Read an extract of Mana Whakatipu on E-Tangata


Big day out

In the beginning, I was tongue-tied and terrified. I had been a member of the Ngāi Tahu council — what we call “the table” — for three years, but here I was, in September 1998, newly elected as kaiwhakahaere or chair of Te Rūnanga o Ngāi Tahu and I had to front up on one of our biggest days in 150 years: the third and final reading in Parliament of the Ngāi Tahu Claims Settlement Bill.

This settlement has been hailed as one of the pioneering negotiations of the modern Treaty of Waitangi settlement process and set precedents for all negotiations that have followed.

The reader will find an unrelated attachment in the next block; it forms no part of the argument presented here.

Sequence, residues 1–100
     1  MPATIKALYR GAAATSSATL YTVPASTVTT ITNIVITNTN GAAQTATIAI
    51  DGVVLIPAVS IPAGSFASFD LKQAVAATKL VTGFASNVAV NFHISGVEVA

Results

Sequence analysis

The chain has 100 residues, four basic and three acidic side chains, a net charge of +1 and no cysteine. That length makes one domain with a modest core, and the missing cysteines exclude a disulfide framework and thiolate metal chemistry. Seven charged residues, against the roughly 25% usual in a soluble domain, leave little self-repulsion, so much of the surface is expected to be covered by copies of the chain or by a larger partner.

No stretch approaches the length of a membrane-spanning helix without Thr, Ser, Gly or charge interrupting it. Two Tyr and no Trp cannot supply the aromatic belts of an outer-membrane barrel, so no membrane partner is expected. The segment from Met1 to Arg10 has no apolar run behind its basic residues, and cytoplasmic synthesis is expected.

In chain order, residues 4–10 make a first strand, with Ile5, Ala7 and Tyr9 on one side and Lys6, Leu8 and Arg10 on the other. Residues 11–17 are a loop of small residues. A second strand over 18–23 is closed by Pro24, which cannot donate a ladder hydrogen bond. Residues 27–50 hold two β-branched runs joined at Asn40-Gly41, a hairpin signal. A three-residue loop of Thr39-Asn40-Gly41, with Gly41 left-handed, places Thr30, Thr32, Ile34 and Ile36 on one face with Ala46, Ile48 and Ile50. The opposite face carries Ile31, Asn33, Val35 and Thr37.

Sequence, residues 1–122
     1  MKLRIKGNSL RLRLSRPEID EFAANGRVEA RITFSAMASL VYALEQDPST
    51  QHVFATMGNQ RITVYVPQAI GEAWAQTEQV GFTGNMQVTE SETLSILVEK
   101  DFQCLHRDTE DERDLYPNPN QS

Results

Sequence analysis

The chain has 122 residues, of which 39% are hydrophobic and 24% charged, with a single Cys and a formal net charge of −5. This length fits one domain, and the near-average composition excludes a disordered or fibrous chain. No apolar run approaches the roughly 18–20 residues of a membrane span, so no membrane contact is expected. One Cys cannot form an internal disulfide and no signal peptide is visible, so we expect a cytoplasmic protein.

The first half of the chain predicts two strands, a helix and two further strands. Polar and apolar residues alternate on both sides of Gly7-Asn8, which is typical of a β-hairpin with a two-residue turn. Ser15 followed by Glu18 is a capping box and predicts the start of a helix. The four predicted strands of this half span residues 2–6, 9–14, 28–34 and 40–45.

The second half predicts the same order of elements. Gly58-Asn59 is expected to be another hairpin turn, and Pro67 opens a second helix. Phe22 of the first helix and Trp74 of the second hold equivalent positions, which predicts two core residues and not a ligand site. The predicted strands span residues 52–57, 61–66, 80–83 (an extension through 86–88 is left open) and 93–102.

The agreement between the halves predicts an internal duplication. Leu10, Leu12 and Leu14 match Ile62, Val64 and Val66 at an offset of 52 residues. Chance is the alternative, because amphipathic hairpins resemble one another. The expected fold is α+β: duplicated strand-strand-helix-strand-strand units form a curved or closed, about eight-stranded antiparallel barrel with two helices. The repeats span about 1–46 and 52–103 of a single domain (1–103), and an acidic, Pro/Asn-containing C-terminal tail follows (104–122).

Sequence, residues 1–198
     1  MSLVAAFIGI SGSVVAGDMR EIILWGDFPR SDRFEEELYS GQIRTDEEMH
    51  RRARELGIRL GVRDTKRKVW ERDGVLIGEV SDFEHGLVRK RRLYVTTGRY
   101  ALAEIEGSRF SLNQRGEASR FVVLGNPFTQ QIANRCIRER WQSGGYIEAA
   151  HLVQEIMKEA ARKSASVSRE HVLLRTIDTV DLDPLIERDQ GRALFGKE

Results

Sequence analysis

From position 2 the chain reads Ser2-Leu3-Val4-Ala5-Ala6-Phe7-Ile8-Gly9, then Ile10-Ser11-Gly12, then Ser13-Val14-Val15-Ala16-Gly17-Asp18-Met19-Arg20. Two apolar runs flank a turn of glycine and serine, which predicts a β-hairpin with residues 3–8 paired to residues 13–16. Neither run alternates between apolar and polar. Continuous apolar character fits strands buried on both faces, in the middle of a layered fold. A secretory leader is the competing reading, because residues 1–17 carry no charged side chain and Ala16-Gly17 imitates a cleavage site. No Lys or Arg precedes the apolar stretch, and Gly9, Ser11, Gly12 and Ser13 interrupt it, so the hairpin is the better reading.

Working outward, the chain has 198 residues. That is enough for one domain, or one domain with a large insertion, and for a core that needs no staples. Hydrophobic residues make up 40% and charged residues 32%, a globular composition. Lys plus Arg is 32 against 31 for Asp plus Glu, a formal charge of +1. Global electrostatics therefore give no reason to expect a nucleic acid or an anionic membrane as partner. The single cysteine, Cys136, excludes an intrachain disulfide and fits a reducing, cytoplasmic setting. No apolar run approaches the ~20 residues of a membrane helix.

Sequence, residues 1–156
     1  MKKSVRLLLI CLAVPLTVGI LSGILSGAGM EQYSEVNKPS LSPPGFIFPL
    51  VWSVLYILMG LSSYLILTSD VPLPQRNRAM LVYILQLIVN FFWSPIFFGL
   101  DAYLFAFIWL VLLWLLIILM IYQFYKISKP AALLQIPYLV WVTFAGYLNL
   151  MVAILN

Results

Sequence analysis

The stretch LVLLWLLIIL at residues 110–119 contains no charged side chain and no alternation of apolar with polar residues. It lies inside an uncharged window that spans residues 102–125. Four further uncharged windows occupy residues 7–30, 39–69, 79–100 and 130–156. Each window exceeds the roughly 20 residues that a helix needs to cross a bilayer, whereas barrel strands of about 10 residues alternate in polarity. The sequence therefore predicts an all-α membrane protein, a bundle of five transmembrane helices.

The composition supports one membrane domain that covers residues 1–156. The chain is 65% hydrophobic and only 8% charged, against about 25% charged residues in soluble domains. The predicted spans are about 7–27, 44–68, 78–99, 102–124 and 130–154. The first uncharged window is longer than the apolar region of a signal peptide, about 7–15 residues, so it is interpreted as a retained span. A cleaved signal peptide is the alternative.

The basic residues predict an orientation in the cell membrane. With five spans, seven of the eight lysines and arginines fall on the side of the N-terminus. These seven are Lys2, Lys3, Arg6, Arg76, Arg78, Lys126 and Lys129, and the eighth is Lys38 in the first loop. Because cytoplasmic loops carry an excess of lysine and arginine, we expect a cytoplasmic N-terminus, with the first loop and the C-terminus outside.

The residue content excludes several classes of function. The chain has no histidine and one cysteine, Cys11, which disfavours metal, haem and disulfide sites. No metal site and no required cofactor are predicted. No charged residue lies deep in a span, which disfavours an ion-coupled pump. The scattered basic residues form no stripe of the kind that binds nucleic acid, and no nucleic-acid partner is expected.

For Ngāi Tahu, who occupy the major part of Te Waipounamu, the South Island, it was seen as some level of justice and redress for the wrongs that had been committed against us, even if it was too little and too late.

In the nineteenth century, our ancestors, who had long had contact with Europeans and intermarried with them, had sold land to the Crown — 80 per cent of Te Waipounamu, in fact — but the Crown had not honoured the deal. Ngāi Tahu was ripped off. The tribe had been fighting to overturn that wrong for seven generations.

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